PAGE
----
Nature Notes: Hope Springs

Richmond and Twickenham Times: Nature Notes: Hope Springs Nature Notes: Hope Springs

I had been dreaming of a white Christmas, not a wet one! However, the shortest day is behind us and almost unnoticed, each day will become lighter by about two minutes.

I liken the months of the year to the face of a clock with the minute hand lumbering slowly upwards through November to reach its zenith in December. Then hopefully, that minute hand will slide rapidly downwards towards spring.

Of course, it doesn't work like that but its what I like to imagine. It is mainly increasing daylight rather than temperature that triggers wildlife into renewed springlike action. Already, if we look and listen, signs of spring are evident.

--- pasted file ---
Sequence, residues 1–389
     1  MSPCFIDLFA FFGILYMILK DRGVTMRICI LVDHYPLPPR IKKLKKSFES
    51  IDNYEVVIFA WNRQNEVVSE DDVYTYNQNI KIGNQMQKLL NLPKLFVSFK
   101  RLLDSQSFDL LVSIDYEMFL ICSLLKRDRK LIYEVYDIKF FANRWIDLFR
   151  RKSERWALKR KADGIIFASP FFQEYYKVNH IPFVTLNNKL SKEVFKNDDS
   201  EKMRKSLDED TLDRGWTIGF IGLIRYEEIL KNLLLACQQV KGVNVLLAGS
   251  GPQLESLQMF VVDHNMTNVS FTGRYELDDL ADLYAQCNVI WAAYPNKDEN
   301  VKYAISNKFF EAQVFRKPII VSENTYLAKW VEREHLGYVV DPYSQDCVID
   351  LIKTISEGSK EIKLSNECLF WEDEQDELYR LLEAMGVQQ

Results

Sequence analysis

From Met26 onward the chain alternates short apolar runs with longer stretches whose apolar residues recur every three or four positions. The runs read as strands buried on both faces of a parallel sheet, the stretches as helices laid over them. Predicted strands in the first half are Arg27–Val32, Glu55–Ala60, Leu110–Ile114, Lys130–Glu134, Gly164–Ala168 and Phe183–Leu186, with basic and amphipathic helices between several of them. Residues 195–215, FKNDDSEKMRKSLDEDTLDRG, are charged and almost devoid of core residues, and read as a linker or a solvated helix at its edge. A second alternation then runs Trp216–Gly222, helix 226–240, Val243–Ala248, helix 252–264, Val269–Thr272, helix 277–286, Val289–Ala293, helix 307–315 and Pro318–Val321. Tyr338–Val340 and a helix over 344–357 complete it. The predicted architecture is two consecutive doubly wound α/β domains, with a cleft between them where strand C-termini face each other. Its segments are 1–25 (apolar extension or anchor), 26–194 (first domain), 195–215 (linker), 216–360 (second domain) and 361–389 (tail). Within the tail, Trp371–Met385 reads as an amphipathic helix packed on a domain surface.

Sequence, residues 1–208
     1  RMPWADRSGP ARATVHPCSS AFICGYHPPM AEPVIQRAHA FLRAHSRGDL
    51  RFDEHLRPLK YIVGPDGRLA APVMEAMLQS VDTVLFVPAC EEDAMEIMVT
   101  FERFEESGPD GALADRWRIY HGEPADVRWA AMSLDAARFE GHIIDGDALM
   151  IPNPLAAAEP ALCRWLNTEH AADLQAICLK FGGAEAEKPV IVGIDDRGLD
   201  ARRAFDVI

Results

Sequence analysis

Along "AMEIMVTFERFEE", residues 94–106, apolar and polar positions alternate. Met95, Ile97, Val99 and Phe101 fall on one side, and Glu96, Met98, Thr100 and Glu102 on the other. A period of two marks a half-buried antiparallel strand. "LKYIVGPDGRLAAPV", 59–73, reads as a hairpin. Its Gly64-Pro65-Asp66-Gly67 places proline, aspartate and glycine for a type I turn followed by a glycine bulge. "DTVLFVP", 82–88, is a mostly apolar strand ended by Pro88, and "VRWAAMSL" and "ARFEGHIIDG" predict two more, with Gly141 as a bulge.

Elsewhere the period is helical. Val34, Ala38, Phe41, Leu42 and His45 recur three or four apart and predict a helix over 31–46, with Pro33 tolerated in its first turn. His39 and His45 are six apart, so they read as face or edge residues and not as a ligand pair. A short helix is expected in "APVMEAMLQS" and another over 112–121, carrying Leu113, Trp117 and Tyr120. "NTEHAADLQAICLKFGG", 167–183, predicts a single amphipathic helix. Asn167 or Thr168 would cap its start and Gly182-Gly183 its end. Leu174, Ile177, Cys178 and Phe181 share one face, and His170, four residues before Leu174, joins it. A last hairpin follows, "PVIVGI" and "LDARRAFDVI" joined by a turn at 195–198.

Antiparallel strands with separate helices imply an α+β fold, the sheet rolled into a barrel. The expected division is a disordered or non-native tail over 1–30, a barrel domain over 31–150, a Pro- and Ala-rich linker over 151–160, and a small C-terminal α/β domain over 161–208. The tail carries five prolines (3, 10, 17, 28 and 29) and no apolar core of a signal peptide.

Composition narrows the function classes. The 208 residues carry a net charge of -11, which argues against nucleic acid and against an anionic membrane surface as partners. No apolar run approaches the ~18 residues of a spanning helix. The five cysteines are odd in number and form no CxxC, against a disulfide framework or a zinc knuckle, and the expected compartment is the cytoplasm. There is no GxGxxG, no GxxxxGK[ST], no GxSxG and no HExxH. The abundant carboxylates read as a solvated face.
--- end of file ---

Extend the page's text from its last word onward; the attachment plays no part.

Daffodil and snowdrop shoots peep above the cold wet soil and silvery, silken pussy willow buds are plumping up. Leaves have fluttered earthwards to reveal dark tightly furled buds ready on twigs. My local blackbird (pictured) is tentatively testing his tonsils with muted notes and with luck,we may hear mistle and song thrushes almost in full voice.

Rooks and crows fuss around last year's nests, blackbirds bicker over territorial rights and parakeets have even now chosen their tree nesting holes thus depriving native species access.

Squirrels, early breeders, chase one another through trees. Foxes bark at night as their mating season reaches a climax and badgers will shortly give birth.

Queen bumblebees, risking all, buzz around garden centres or home in on mahonia searching for a nectar boost to see them through the cold months.

Winter has a long way to go but, spring is waiting in the wings even now.

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